Education & Schools
WIU-QC Riverfront Phase II Groundbreaking Ceremony PDF Print E-mail
News Releases - Education & Schools
Written by Tami Seitz   
Tuesday, 28 August 2012 12:09
Western Illinois University-Quad Cities  will host a groundbreaking ceremony Wednesday, Aug. 29 at  3 pm directly west of Building One, 3300 River Dr. in Moline.Gov. Quinn has been invited to attend the celebration, and federal and state government representatives, area legislators, community leaders and University officials will take part in the ceremony.

Patilyn Lowery of Bettendorf Participates in University of Evansville Freshman Service Project PDF Print E-mail
News Releases - Education & Schools
Written by Kristen Lund   
Tuesday, 28 August 2012 12:08

EVANSVILLE, IN (08/23/2012)(readMedia)-- The University of Evansville is proud to announce that Patilyn Lowery of Bettendorf, IA, participated in the Freshman Service Project on Monday, August 20.

The project sent new UE students to 20 locations throughout Evansville, Indiana - including parks, community centers, and other nonprofit organizations - to perform tasks ranging from painting to cleaning to landscaping.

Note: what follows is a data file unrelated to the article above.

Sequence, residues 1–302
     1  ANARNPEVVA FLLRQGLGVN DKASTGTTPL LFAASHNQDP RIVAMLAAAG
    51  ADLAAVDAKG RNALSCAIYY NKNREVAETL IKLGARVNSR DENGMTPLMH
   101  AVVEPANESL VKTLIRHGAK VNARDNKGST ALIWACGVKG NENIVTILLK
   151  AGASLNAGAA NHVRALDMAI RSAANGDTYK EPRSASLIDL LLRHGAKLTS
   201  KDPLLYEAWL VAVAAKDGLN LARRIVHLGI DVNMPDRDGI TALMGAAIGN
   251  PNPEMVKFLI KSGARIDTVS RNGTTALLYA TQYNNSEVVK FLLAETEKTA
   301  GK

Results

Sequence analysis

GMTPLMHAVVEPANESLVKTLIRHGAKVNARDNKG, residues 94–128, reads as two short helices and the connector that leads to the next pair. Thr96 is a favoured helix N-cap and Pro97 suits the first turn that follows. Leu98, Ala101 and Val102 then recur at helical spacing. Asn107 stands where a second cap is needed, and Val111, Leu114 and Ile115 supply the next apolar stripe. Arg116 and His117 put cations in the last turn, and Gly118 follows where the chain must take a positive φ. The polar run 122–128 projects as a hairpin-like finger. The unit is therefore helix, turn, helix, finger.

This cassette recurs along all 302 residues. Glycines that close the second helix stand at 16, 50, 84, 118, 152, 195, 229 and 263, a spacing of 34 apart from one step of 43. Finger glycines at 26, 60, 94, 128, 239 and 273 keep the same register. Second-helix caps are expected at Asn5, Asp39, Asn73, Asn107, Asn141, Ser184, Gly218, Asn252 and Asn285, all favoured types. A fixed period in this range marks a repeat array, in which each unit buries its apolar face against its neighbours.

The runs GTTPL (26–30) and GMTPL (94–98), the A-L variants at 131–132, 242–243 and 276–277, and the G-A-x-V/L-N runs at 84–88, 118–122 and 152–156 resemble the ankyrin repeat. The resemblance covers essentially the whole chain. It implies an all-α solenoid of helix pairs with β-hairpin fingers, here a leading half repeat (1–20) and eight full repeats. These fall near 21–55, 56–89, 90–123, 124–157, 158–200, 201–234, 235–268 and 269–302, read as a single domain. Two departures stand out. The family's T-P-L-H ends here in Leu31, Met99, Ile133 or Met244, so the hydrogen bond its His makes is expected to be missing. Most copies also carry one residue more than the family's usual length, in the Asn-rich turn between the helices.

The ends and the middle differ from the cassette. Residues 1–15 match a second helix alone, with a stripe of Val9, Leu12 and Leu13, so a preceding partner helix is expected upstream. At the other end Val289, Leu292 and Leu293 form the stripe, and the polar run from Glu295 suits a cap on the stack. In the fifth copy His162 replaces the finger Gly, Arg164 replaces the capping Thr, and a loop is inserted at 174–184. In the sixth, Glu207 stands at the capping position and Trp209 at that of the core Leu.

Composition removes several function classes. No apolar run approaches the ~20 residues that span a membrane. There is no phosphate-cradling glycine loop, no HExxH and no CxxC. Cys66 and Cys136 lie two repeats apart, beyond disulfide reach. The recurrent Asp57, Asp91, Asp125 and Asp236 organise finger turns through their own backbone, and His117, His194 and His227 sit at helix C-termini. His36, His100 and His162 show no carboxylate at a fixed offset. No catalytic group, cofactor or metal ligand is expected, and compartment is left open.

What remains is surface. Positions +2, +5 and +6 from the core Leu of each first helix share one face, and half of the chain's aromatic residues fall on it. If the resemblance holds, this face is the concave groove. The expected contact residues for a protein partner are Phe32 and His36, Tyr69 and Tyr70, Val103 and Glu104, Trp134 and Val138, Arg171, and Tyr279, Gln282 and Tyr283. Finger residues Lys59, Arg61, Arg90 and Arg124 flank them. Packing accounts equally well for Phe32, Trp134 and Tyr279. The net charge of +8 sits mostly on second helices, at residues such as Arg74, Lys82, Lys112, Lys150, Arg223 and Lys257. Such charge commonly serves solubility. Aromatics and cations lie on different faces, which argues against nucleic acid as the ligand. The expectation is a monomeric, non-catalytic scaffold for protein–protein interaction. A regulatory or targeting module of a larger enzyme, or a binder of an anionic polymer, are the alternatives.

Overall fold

The Freshman Service Project is part of Welcome Week, a program designed to help incoming students transition into college life before classes begin.

"The goal of the Freshman Service Project is to help new students such as Patilyn Lowery get acquainted with the community they'll call home during their college years," said Geoff Edwards, director of UE's Center for Student Engagement and coordinator of the Freshman Service Project. "Last year, UE students contributed more than 19,000 hours of community service, and we hope the Freshman Service Project inspires many students to continue serving the Evansville community."

Your Money Your Future Online PDF Print E-mail
News Releases - Education & Schools
Written by Brenda Schmitt   
Tuesday, 28 August 2012 12:04
Achieving financial goals is not just a matter of money. “It’s about an internal desire to improve one’s finances,” says Brenda Schmitt, ISU Extension Family Finance Specialist. People who think positively generally experience greater success and education is the first step. There is a connection between what you do today and what will happen in the future.

Your Money Your Future is an on-line class that begins Sept. 10, 2012 and meets Mondays over a three-week period. Each session is recorded for review. Participants need high speed internet and speakers or headphone to hear the instructor. A microphone or chat box is used to participate. There is a $15 registration fee. Certificates of Completion are available upon request.

Your Money Your Future will cover:
• Develop Spending plans and SMART goals
• Access your credit history without having to pay a fee
• Select the financial institution that best meets your needs
• Understand how credit cards work and how to avoid the credit card trap